Top 9 business advice from Sony’s founder Akio Morita
May 3, 2010
Akio Morita’s “Made in Japan” is an excellent book which was recommended to me very highly by a friend of mine. Here’s top 9 advice from the book:
1) Positioning and finding the customers: When Sony came up with their first tape recorder which was the size of a suitcase, they were baffled by why nobody was rushing to buy them. Then, Morita-san, an engineer, forcefully realized: having a unique technology and being able to make unique products are not enough to keep a business going. You have to sell the products and to do that you have to show the potential buyer the real value of what you are selling. So, he knew that to sell their recorder they would have to identify the people and institutions that would be likely to recognize the value in the product.
They realized, at the time there was an acute shortage of stenographers, so they went to the Japan Supreme Court and they sold 20 machines almost instantly!
2) Adding value: It’s ok to license or use someone else’s technology if you add value on top of that. Sony licensed the first transistor technology from Bell Labs. It was ground-breaking at the time, but it was not enough. They came up with the ingenius idea of trying the negative-positive-negative configuration for the transistor, hence making the transistor faster since negative electrons move faster than positive ones. Along with trying and perfecting the “phosphorus doping” method which Bell Labs said was unusable, they came up with the first commercially-feasible transistor in their transistor radio.
3) Perseverance and vision: Texas Instruments was the first company to put out a transistor radio but TI gave up the product without putting much effort into marketing it. As the first in the field, they might have capitalized on their position and created a tremendous market for their product as Sony. But they apparently misjudged that there was no future in the business of small, portable radios and gave up.
4) Value of the perception of the company: Morita-san believed that a trademark is the life of an enterprise and that it must be protected boldly. A trademark and a company name are not just clever gimmicks-they carry responsibility and guarantee the quality of the product.
5) Marketing is almost everything: This advice is for the entrepreneurs coming from a technical background. Marketing is really a form of communication. It’s educating the customers to the uses of your products. Without this, the company will surely fail.
6) Innovation vs Market Research: This advice is a bit controversial. Sony’s plan from the beginning was to lead the public with new products rather than ask them what kind of products they want. Morita-san believes the public does not know what is possible. So instead of doing a lot of market research, Sony refined their thinking on a product and its use and tried to create a market for it by educating and communicating with the public. Examples: Walkman, Betamax, Consumer video cameras, etc. Morita-san asserts that no amount of market research could have come up with Sony Walkman idea or predicted that it would be so successful.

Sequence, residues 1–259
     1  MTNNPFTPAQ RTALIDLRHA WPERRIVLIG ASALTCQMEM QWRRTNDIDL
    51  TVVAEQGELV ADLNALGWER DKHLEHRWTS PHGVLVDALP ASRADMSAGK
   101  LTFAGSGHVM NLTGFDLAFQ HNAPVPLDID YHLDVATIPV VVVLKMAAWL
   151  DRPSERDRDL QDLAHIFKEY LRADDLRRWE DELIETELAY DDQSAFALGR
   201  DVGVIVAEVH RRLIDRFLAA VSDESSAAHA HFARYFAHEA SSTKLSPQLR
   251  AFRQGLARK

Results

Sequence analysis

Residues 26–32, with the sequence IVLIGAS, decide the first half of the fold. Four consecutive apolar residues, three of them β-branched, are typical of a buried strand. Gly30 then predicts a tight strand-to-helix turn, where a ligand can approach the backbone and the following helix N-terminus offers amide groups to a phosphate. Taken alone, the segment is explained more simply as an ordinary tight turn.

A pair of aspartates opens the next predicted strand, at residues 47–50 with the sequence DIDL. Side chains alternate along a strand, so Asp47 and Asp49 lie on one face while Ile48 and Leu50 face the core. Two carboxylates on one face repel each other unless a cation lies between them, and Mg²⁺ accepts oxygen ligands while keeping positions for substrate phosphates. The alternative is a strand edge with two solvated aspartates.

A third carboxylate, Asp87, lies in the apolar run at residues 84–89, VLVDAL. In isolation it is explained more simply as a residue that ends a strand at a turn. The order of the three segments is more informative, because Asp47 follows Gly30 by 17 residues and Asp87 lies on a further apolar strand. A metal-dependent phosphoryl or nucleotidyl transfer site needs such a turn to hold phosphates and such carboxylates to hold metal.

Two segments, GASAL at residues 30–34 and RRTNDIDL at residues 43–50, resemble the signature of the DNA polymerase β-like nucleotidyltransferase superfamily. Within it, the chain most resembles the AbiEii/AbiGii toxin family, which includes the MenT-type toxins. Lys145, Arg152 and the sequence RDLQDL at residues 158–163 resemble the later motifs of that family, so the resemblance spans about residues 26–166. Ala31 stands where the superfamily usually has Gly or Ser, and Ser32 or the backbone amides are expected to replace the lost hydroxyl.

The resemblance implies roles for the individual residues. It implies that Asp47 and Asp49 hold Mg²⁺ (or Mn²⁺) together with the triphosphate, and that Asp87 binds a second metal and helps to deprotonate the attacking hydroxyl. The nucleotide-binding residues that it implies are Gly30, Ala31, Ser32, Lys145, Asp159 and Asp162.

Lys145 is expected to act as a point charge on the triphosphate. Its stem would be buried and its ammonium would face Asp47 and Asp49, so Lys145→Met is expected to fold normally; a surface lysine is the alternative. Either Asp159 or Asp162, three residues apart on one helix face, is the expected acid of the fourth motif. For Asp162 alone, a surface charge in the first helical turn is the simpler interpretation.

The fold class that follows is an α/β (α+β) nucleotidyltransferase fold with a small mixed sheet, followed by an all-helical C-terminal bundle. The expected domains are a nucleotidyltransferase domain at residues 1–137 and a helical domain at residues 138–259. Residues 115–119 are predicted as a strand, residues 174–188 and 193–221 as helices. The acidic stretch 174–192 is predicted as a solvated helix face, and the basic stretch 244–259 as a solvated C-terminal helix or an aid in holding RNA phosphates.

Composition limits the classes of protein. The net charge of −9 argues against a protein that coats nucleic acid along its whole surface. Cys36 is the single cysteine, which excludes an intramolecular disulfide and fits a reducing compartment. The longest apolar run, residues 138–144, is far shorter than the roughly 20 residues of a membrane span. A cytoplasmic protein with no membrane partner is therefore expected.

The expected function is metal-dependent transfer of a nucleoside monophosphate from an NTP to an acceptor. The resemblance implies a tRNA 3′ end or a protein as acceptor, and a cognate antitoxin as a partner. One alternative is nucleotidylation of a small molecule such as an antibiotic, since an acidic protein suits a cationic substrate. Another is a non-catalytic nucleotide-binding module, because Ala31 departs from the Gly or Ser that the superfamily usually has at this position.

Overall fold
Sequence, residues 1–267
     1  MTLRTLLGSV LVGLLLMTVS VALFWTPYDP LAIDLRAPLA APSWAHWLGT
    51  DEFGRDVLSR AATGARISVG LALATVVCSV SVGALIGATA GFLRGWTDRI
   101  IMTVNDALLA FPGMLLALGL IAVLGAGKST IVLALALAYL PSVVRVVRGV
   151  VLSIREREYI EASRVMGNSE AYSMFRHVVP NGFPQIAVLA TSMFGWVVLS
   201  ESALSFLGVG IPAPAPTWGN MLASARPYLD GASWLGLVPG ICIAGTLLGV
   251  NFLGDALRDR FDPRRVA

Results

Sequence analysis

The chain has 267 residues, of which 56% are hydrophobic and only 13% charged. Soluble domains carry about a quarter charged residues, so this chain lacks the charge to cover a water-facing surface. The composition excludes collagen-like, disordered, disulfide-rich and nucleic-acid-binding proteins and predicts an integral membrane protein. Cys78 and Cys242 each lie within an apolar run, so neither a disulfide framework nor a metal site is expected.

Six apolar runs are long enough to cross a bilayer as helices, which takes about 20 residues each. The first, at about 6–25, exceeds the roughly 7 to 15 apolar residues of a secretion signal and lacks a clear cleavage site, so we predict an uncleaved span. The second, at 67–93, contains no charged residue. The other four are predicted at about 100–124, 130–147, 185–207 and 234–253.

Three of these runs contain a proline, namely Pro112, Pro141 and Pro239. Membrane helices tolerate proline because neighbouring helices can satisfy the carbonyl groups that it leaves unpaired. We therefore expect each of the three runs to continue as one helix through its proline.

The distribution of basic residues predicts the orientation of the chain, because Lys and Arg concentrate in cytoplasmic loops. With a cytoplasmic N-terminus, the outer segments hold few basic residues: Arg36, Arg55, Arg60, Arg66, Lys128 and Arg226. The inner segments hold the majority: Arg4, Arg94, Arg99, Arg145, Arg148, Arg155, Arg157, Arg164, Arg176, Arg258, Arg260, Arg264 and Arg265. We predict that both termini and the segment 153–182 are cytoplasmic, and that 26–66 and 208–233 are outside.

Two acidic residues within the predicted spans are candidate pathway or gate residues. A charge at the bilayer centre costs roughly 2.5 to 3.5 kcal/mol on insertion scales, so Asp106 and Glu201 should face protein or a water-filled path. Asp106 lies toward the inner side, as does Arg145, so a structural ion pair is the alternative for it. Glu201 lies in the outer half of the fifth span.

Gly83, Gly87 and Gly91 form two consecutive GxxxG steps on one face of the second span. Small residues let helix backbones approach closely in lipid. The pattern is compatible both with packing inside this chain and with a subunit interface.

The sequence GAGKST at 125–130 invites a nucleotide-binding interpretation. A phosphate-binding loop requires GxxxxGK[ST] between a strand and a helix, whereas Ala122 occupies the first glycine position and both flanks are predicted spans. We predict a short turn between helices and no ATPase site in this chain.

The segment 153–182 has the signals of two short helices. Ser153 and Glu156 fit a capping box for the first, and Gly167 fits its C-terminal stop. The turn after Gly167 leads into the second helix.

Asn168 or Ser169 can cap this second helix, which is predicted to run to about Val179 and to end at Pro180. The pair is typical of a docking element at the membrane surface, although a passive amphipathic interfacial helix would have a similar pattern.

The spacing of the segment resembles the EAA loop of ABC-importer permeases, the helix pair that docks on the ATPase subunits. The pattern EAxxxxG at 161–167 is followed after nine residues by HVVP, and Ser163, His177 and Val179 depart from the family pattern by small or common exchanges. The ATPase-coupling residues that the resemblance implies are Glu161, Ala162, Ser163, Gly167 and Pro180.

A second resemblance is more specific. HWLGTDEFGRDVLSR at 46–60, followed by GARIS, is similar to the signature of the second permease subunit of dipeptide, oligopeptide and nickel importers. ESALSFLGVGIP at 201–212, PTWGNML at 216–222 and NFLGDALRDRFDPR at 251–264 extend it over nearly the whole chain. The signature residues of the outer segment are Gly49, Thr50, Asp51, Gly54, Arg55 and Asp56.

7) Trust your vision: When Sony came up with their first small pocket transistor radio, Morita-san came to New York to sell it to the American market. At the time they were desperate for cash and were barely making their payroll. The people at Bulova loved the product. They said “We definitely want some of these. We will take one hundred thousand units.” Morita-san was stunned, it was an incredible order, worth several times the total capital of Sony at the time. But they said there was one condition: Sony would have to put the Bulova name on the radios.
That stopped Morita-san. When he started Sony, he had vowed that they would not be Original Equipment Manufacturers(OEM) for other companies. So he refused the order despite everyone around him thinking he was crazy. Bulova told him nobody knew Sony’s name but with Bulova’s name on the radios, they would be sold like hotcakes. Morita-san said: “I am now taking the first step for the next fifty years of my company. Fifty years from now I promise you that our name will be just as famous as your company name is today”.
8 ) Management: Morita-san always looked for people who can be persuasive, can make people want to cooperate with them, for management positions, as management is not dictatorship. Also the performance of a manager is measured by how well that manager can organize a large number of people and how effectively he or she can get the highest performance from each of the individuals and blend them into a coordinated performance.
9) Employees: The business does not start out with the entrepreneur organizing his company around himself with the worker as a tool. The entrepreneur starts a company and then he hires personnel to realize his/her idea, but once he hires employees he must regard them as colleagues or helpers, not as tools for making profits. There has to be mutual respect and a sense that the company is the property of the employees and not of a few top people.